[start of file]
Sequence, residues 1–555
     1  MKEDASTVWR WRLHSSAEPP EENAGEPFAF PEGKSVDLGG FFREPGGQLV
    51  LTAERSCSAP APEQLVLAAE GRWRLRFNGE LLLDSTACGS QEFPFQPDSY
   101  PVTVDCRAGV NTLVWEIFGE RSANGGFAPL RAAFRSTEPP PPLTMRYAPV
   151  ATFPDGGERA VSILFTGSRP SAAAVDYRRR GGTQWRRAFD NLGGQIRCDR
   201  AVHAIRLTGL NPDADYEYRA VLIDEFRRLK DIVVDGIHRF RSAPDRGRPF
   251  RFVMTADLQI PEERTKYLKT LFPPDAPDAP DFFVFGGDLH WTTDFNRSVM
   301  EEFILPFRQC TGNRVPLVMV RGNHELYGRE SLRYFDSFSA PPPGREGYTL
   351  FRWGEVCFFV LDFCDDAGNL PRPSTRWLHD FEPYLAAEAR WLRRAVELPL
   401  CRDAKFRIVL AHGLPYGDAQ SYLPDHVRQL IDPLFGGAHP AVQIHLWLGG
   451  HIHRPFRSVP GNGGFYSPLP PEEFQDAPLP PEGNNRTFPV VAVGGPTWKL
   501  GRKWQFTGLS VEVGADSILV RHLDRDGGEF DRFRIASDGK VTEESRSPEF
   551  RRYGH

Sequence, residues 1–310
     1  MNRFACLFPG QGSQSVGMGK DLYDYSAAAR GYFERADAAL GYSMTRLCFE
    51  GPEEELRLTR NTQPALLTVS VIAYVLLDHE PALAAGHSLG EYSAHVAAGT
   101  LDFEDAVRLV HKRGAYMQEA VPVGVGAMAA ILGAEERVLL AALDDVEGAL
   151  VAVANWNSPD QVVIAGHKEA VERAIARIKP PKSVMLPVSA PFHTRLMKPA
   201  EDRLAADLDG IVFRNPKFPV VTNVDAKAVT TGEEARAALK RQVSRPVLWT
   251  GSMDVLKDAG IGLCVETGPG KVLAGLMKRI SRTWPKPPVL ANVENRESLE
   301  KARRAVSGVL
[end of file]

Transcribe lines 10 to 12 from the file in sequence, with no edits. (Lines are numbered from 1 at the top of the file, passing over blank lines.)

   401  CRDAKFRIVL AHGLPYGDAQ SYLPDHVRQL IDPLFGGAHP AVQIHLWLGG
   451  HIHRPFRSVP GNGGFYSPLP PEEFQDAPLP PEGNNRTFPV VAVGGPTWKL
   501  GRKWQFTGLS VEVGADSILV RHLDRDGGEF DRFRIASDGK VTEESRSPEF